“There were just random events that you find on WhatsApp,” he said, adding, “You see the ad on WhatsApp or Facebook and sort of show up and sign up as a volunteer. … So initially, that was my approach, like, ‘Oh, there’s some event. Let me see if I can donate a little bit of my time.’”

In June of 2020, however, he decided to take things a little further and join the state health department’s Carolina Community Tracing Collaborative as a full-time contact tracer and later case investigator. He’d found out about it through his COVID-19 volunteer relief work.

“Things were getting very serious,” he said. “... By the middle of the summer, businesses were fully closing. The community just didn’t know how to react, and that’s when I think the need for this effort of educating and communicating through contact tracing became very apparent. It was one of the strategies that the state decided to fully leverage, and that’s when I thought ‘OK, let me jump in head first.’”

As a contact tracer, he reached out to people who had been exposed to COVID-19, explained to them what they needed to do to protect themselves, plus others, and connected them with health care resources when needed. As a case investigator, Mendoza conveyed similar information and directives to those sick with COVID-19, but he also investigated how people originally contracted the virus as well as to whom they may have spread it.

“Last year, tests weren’t as readily available as they are now,” he said, adding, “It was very, very difficult, so the best way that we could do is if you were exposed is to say, ‘Stay at home. Quarantine. Let’s prevent the possibility of a positive case,’ and we will monitor them, call them on a daily basis and see how they were doing.’”

And that on-the-ground work, he said, helped him understand the unique challenges that the Latinx community in particular faced. Since he was bilingual, he’d often interact with Spanish-speaking members of the community who’d been exposed or contracted the virus.

“The numbers in the Latinx community were really high,” he said, “and by having those conversations and me doing contact tracing ... I was able to understand a little better than nuances and what were the reasons that were affecting our community in very specific ways that perhaps you wouldn’t hear from other groups. So that helped me get a better grasp, and I sort of stayed connected with these relief efforts.”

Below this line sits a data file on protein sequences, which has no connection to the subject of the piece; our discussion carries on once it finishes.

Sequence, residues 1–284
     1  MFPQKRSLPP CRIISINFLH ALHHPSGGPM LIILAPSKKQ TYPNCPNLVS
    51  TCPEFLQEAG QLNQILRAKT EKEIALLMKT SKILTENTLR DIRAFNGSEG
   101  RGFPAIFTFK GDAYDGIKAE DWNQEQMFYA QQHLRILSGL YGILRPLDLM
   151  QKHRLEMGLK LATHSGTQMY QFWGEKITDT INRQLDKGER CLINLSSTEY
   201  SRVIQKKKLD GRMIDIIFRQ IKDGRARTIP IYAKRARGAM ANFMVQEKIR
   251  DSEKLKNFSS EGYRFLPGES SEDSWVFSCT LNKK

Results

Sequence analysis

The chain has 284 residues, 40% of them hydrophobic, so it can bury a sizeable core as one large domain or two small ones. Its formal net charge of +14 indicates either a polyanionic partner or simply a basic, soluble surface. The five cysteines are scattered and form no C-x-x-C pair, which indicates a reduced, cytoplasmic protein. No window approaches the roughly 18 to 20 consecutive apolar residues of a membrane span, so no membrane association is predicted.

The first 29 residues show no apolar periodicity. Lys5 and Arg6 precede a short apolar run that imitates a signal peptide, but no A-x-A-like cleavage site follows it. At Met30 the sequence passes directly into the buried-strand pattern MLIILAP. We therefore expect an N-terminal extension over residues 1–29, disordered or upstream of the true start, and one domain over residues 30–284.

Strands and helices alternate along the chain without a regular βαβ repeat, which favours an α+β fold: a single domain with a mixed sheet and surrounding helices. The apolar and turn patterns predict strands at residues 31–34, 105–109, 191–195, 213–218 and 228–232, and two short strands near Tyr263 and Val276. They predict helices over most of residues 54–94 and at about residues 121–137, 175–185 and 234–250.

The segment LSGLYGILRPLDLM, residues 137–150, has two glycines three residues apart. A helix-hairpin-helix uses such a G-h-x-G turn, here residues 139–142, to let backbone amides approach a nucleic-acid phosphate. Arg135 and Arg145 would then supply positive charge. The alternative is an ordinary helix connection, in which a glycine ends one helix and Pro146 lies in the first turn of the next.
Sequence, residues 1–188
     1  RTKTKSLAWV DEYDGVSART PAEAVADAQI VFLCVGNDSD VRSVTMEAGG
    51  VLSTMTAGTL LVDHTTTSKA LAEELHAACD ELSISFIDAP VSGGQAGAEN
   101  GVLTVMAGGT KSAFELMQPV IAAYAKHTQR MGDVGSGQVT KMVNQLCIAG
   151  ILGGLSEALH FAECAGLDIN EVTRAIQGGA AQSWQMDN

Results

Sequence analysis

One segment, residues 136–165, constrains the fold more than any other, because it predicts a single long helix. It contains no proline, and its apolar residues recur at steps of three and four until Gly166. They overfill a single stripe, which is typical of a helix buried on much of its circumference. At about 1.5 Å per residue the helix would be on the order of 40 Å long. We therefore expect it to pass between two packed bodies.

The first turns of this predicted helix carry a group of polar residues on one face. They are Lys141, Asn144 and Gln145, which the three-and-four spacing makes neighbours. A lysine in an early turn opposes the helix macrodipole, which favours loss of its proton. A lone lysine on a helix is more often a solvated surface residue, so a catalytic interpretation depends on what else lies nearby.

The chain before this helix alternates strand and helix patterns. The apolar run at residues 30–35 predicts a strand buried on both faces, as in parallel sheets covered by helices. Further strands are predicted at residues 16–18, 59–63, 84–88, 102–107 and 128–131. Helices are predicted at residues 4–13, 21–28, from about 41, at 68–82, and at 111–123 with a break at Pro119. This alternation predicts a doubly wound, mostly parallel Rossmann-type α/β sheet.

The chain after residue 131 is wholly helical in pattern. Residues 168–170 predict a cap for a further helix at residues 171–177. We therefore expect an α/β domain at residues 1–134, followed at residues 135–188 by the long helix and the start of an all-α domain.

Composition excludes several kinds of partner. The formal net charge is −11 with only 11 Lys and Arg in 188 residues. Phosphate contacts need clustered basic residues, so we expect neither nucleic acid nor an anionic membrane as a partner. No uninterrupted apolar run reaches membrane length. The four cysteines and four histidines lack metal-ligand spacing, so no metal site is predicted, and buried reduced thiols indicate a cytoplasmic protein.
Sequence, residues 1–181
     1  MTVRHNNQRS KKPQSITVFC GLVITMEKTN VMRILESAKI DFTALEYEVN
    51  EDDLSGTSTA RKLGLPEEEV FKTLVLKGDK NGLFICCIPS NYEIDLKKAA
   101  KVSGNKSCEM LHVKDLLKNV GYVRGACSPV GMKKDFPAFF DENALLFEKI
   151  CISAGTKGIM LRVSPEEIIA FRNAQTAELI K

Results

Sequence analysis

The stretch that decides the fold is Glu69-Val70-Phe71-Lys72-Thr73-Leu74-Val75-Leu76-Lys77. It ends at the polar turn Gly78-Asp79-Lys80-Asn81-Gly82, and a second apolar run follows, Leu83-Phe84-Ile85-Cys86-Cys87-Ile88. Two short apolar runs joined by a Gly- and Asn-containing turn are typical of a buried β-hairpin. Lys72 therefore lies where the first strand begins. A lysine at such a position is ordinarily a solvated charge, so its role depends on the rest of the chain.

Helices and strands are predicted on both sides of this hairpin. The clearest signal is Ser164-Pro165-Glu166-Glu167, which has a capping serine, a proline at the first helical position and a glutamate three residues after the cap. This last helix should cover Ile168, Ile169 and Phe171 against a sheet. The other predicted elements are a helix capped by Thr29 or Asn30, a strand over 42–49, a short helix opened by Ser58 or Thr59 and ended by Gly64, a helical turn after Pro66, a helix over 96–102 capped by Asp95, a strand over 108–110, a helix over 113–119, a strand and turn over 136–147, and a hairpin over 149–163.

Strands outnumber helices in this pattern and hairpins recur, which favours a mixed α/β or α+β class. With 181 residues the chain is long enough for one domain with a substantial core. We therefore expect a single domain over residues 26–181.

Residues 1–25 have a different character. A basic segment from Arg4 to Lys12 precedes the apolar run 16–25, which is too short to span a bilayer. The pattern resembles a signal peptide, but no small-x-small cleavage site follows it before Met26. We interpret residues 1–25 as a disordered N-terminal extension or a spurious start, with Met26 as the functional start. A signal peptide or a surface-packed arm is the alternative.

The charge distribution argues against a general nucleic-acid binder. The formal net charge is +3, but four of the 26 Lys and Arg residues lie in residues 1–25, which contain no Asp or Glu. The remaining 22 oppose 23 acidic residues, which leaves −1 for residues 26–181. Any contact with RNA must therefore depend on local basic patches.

After about six months, COVID-19 tests had become widely available, and Mendoza went back to consulting with clients in the health care sector who wanted to look into new ways and technologies to prevent COVID’s spread. Soon after, though, he found out that the Hispanic Liaison was looking for someone to direct their COVID-19 relief efforts and decided to apply.

He’d always been aware of the Liaison and their work, he said, since he’d been in graduate school. While pursuing his degree, he worked on a project looking at Siler City.

“I like their mission,” he said. “I agree with everything that they’re about, and this is another opportunity to connect back — maybe not as a direct one-on-one contact tracer — and help shape the direction of how El Vinculo tackles its efforts in COVID-19, and how we can serve the most number of people in our community.”

Since he started in late March, he’s coordinated vaccination events with Liaison’s COVID-19 relief partners, including the second mass vaccination at St. Julia’s on April 24. He’s also working on carrying out a three-pronged COVID-19 relief strategy — educating clients about the virus, connecting those in need with COVID-19 testing and vaccinating the communities they serve.

“As we move forward, we’re also seeing advocacy,” he said. “We’re also seeing the challenges with people who have lost their jobs or are struggling financially because of COVID-19. … It’s not yet a main focus for us, but as those become priorities, then I’m the person who’s the point of contact and working with El Vinculo to come up with our own strategy and how we’re going to channel that to the community.”

Ultimately, he hopes to bring focus and strategy to the Liaison’s COVID-19 efforts, as well as create a simple, easy process for community members to get the information and resources they need as quickly as possible.

“I want the community to be able to see and feel that any doubt, any question, any need, that I may have, El Vinculo will get back to me really fast with an answer,” he said, adding, “So being able to enable us to serve our community better, that I would take as a win.”

Reporter Victoria Johnson can be reached at